Get ready for your close-up because once you start speaking, EagleEye Director II notices and provides a nice portrait view for everyone to clearly see those nonverbal communication cues. So, keep your eye-rolling to a minimum. Once someone else starts talking, the view will automatically switch from speaker to speaker. EagleEye Director II achieves a television production quality experience without breaking a sweat.
Need to walk to the white board at the very back of the room? EagleEye Director II will follow you up to 33 feet (10m) away. Not to brag, but that’s the longest distance of any automatic camera technology.
There are also some really cool data analytics involved that let an organization understand how many participants are in the conference room. Finally, we can put an end to Bob using the 20 person conference room as his own personal conference room.
Don’t let your organization become a victim of the “it works just fine” syndrome. Schedule your free demo of EagleEye Director II today and experience the difference.
Every documentary or film you see at Sundance makes you feel something, from sheer terror to disgust to happiness to sadness. After each screening, select members of the crew and cast answer questions from the audience to continue the film experience. Polycom assures that even though an important participant may not be able to be local to the festival, they can still join the Q&A session over video. With superior audio and video quality and the ease of integration into the A/V equipment makes Polycom the right solution for these.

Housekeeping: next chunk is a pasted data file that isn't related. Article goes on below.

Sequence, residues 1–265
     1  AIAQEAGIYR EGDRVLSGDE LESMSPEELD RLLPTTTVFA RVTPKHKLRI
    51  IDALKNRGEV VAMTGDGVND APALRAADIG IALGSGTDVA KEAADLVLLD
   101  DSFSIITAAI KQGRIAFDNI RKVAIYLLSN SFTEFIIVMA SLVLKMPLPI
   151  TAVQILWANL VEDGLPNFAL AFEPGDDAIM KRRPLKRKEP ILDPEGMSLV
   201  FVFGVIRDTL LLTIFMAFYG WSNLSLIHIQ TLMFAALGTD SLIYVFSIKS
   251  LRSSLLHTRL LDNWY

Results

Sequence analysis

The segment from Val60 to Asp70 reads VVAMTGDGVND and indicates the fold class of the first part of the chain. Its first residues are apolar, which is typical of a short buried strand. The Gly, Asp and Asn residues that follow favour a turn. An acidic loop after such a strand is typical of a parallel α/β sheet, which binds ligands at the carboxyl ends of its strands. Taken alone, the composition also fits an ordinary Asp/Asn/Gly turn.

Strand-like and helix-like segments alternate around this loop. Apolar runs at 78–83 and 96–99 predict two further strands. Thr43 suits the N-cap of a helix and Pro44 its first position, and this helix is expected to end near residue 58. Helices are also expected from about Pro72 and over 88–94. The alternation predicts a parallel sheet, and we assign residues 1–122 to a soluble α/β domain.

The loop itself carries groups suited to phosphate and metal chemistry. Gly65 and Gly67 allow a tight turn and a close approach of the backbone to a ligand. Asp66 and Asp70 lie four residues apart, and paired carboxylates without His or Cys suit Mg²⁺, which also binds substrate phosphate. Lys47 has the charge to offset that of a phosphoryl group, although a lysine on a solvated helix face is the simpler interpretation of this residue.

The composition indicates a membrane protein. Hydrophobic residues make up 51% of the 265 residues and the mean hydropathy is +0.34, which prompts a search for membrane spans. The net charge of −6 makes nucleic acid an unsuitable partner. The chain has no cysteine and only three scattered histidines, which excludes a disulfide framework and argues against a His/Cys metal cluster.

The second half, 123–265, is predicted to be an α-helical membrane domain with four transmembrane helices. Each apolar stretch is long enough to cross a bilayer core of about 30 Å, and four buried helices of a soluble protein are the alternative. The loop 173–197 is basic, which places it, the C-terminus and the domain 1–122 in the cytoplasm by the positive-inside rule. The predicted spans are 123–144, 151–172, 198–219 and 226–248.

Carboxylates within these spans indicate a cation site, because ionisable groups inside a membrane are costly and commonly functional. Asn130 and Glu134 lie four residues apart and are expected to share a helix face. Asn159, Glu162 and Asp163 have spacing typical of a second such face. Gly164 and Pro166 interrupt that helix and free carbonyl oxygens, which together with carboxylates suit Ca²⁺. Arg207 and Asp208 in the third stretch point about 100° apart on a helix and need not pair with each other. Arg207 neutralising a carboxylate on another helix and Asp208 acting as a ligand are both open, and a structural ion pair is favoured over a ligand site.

We took part in Cries from Syria, The Incredible Jessica James and Rumble: The Indians Who Rocked The World. In all cases Polycom Web Suite was used by far end participants. Users joined from Syria, Japan and New York.
In addition to bringing in remote participants, Polycom Media Suite was used to record over 20 Q&A sessions locally. These recordings are important because so many fun and interesting bits of information about the filmingexperience are shared with the audience. By archiving the recordings, this great information can be shared with an extended audience.